If you save $1000 per month and earn no interest, you’ll have $12,000 at the end of one year. What if this goes on for two years? You might naively think you’d have $24,000 saved, but an authoritative source says this isn’t right.
According to the Globe and Mail’s Pay Yourself First calculator, you’d only have $23,000 saved after two years of saving $1000 per month. (As of 2016 Nov. 2, the Globe and Mail finally dropped this calculator from its web site, but you can still find it here.) To see this, punch in an annual salary of $100,000 with 0% for the salary increases and 0% rate of return, and set the “pay yourself” rate at 12%, with one year of saving. The result is a retirement fund of $12,000 as you would expect. Now bump it up to 2 years of saving. The retirement fund jumps to $23,000.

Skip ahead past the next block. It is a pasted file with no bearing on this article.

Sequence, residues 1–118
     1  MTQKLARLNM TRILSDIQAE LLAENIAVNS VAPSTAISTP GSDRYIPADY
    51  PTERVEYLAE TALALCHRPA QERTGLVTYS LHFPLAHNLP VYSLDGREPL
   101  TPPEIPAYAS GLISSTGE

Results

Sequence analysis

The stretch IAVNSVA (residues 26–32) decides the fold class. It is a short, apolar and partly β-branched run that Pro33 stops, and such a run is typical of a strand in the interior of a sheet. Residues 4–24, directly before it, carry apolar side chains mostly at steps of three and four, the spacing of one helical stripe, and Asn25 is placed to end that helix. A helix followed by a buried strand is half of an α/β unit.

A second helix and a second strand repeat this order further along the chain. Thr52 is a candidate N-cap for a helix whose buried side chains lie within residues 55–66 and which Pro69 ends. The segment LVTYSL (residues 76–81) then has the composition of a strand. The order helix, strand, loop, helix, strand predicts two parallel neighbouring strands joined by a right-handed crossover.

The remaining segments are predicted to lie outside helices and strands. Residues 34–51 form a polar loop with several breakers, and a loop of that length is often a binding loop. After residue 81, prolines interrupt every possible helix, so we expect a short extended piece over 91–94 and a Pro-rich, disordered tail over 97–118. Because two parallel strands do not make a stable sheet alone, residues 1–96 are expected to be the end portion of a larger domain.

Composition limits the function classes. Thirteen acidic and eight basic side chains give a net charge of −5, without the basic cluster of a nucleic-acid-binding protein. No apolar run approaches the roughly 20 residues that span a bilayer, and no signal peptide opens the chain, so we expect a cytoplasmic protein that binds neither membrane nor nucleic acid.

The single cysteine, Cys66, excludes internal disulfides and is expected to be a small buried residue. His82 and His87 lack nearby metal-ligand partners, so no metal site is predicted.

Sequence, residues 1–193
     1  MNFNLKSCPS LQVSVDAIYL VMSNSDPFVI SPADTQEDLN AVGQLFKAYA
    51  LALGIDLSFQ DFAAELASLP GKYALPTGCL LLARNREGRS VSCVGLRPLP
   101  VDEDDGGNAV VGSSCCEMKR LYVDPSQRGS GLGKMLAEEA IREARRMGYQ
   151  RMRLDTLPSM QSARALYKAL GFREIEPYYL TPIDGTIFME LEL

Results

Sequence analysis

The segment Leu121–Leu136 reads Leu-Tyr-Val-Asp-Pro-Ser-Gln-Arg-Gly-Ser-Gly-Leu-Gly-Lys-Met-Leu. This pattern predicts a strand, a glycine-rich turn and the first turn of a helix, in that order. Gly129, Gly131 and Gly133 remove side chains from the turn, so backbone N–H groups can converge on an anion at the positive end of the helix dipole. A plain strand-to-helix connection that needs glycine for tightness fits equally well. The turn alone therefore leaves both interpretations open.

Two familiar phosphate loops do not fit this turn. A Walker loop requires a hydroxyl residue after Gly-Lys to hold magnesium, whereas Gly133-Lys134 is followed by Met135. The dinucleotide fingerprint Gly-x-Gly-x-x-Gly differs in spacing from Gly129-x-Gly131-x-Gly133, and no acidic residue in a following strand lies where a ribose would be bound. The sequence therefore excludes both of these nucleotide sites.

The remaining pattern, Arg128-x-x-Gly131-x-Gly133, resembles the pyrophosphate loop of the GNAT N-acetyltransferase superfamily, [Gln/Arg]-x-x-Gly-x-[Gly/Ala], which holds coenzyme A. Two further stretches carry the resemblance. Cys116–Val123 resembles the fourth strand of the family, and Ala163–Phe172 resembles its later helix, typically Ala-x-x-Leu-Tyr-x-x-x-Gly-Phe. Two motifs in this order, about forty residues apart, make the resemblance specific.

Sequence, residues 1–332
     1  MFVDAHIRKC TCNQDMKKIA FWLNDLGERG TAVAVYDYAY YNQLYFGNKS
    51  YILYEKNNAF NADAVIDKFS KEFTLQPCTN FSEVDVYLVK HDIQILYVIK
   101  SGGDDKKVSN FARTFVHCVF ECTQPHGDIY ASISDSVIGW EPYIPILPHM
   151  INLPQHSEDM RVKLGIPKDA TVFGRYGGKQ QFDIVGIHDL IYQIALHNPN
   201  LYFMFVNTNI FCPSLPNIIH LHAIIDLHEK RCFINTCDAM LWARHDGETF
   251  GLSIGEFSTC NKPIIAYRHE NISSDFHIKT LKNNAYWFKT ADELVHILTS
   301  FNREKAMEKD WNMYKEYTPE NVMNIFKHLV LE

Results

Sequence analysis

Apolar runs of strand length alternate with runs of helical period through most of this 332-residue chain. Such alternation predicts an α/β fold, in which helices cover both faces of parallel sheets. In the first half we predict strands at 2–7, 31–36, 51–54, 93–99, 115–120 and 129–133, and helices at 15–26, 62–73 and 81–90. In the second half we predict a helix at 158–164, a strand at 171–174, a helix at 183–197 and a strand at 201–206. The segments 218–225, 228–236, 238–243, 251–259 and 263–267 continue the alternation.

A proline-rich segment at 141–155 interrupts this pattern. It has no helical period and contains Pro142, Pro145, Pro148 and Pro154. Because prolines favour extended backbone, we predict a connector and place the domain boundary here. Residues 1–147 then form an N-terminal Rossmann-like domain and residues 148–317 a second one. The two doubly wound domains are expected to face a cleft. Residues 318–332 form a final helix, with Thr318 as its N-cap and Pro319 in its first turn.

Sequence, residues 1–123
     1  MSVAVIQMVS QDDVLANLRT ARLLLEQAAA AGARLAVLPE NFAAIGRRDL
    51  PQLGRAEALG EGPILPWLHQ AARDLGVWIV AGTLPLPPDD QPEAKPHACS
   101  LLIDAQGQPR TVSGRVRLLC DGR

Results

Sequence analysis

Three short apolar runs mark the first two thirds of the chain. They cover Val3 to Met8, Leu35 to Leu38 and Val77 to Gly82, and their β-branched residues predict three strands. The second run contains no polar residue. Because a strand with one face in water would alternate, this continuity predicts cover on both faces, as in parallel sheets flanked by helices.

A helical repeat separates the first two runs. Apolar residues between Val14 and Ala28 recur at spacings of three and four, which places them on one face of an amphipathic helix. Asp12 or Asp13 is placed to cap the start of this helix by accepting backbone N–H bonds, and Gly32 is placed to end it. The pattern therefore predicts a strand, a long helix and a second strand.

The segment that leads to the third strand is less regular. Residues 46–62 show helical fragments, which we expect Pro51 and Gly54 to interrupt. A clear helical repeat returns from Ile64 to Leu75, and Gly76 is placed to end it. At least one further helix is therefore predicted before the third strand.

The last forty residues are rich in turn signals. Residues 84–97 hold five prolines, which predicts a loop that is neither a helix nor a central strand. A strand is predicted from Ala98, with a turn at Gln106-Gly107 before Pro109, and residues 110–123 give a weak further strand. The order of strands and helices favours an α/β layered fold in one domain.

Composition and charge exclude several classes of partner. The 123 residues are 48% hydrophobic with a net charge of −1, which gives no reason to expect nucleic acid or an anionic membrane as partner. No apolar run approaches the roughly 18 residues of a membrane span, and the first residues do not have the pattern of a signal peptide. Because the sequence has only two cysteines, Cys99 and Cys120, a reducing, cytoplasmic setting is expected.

I’m not sure where the missing month goes, but apparently every year after your first year of saving you lose a month. After 3 years of saving you have $34,000, and after 10 years you have $111,000.
I first wrote about these surprising results almost 7 months ago. I received a message from the Globe and Mail saying “Thanks for drawing the problem to our attention. We are investigating.” However, the calculator remained online for a long time.